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Organic Gardening

Get dirty, have fun and grow more food with great gardening tips from real-life gardeners.

The Versatile Onion Family

Meet the Onion Family. They’re my new best friends in the garden:

Onions (white, yellow, purple, “walking,” bunching)
Scallions (simply onions that haven’t formed bulbs, or what we call spring onions)

I have experimented with growing most, but not all, of the species on that list. Each one has its quirks and personality, its favored growing conditions. What they all share is great hardiness in weather extremes and the ability to grow in many parts of the country. Onions are economical to grow and by raising them yourself you avoid some particularly nasty strains of food poisoning that have accompanied dangerous commercial farming practices.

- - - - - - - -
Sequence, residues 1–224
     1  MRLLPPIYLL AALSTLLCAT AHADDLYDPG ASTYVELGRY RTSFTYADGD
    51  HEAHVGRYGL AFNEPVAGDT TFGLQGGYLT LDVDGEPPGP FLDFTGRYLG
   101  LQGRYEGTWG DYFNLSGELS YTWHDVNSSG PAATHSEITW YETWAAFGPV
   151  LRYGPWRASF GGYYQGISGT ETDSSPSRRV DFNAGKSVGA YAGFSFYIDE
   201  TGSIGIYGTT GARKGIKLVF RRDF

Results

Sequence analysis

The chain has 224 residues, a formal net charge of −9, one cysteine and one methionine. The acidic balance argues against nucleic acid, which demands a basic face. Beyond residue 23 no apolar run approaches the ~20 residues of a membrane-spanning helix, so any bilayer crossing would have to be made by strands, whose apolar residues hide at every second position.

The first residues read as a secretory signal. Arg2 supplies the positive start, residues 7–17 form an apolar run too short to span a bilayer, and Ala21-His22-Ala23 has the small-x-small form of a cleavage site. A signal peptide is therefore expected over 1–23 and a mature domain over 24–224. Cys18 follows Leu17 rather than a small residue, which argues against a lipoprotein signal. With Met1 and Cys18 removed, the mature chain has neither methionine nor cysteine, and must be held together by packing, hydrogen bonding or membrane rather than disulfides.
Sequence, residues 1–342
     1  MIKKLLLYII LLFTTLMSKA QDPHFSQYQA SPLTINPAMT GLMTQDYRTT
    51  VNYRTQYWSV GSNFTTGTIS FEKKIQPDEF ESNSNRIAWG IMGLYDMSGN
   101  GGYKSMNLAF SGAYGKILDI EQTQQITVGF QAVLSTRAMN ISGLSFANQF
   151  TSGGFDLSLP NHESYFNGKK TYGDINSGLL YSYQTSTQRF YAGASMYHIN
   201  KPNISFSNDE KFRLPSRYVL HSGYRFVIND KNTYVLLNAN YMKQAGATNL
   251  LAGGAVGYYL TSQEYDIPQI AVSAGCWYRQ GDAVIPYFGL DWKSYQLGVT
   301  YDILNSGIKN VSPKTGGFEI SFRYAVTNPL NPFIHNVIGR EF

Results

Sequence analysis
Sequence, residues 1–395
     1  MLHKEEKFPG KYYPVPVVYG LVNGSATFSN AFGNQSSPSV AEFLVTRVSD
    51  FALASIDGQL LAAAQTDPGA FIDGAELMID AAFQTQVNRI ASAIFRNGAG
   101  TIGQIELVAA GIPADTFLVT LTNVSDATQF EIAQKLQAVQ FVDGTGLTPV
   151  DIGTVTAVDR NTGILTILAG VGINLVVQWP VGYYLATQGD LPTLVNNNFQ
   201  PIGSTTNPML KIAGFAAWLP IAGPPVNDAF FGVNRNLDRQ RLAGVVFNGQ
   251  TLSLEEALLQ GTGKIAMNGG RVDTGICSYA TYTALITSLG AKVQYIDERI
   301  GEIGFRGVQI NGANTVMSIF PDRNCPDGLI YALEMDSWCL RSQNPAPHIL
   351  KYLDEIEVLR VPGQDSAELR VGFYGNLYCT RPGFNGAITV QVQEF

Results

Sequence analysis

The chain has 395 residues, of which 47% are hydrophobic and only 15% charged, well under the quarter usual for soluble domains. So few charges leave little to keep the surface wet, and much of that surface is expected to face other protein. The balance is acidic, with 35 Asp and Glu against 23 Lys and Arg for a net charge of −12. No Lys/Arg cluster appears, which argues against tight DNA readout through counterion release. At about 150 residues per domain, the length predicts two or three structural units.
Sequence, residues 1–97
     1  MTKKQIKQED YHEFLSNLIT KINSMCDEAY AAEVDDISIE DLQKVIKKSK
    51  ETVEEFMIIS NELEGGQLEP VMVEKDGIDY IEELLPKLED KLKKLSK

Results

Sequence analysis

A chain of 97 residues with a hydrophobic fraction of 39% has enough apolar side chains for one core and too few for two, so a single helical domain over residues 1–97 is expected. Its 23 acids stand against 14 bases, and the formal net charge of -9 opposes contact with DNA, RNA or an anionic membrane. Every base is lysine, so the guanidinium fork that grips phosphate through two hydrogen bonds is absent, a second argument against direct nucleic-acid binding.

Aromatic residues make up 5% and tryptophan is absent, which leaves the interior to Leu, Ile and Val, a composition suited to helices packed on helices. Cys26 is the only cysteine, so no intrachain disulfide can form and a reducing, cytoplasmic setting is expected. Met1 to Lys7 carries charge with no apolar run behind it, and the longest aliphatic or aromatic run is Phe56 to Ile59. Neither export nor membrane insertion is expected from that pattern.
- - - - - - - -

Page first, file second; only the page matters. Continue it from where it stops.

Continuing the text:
Members of the onion family are also great kitchen companions, adding character to all sorts of dishes. In springtime chives and scallions, as well as the wild garlic called ramp, act as vitamin-rich tonics.

Leeks Cleaned

The onion family is so vast and varied that just reading about them in seed catalogs inspires me. My main failing in growing them is probably that I skimp on fertilizer; for the most part onion relatives do best in compost-rich, nutrient-rich, deeply-worked soil. I need to add more composted manure. Some of the onions also like a thick mulch cover to protect them in heat and cold. I use straw.          

Here They Are: Onion Family Crops

Onions. There are three ways to get started with onion plants: growing from seed, from hard little bulbs called “sets,” and from live plant starts.

My favorite way, by far, is to grow bulbing type onions from sets (bunching onions and walking onions are usually grown from divisions of live roots). Look for the sets at garden centers or farm suppliers or online. Stock up! Onion sets keep well in a cool, dry place, so there’s no urgency to plant them all at once.